Catalan leader says won't accept suspension over independence vote
The head of the Catalan government said Sunday he would not accept being removed from office for pushing ahead with an independence referendum in defiance of Spain's central government.
Madrid has threatened legal action against top Catalan political figures involved in the disputed referendum set for October 1, which Spain's constitutional court has deemed illegal.
"I can't accept in any way a suspension of my duties," Catalan leader Carles Puigdemont said in an interview published in La Vanguardia, Catalonia's leading newspaper, when asked if he was prepared to be removed from his post.
"The circumstances under which one ceases to be head of the Catalan regional government are regulated by Catalonia's autonomy statute, so we should oppose a suspension of this type," he said, referring to legislation that sets out Catalonia's powers.
According to this law, the head of the Catalan government can only be removed from office by the Catalan parliament or if convicted of a crime whose penalty includes a ban on holding public office.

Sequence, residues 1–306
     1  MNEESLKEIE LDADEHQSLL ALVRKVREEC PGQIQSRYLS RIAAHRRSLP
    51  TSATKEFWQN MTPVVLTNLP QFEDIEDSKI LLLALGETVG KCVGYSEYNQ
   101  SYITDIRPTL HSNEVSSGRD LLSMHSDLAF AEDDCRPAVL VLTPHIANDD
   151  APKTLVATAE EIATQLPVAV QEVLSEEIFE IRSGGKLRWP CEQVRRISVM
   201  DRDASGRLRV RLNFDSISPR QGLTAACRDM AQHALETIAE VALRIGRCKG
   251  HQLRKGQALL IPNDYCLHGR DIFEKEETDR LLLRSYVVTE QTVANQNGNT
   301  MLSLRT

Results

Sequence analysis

But a law passed in 2015 allows the constitutional court to suspend public servants if they ignore its rulings.
Puigdemont said the Catalan government will have the 6,000 ballot boxes needed to carry out the vote but refused to say where they are.
The Catalan government has reportedly struggled to obtain ballot boxes because the Spanish government has threatened to take legal action against firms that offer logistical help to stage the referendum.
Pro-separatist parties, which control the regional assembly in Catalonia, are expected to approve the law that lays the groundwork for the referendum later this week.
The Spanish government has vowed to immediately challenge the law in the courts to stop the referendum from going ahead, but the separatists have said they will ignore court rulings regarding the plebiscite.
Puigdemont said the result of the referendum will be deemed valid even if less than 50 percent of eligible voters take part.
He said turnout during Spain's 2005 referendum on a treaty establishing a European Union constitution was just over 42 percent.
Catalonia, a wealthy region of 7.5 million people with its own language and customs, has significant self-governing powers.
But economic doldrums, public spending cuts and perceptions of unfair taxes and the concentration of power in Madrid have fed support for independence.
The latest Catalan government poll found that 41.1 percent are in favour of independence while 49.4 percent are against.
A large majority, however, wants a referendum to take place to settle the matter.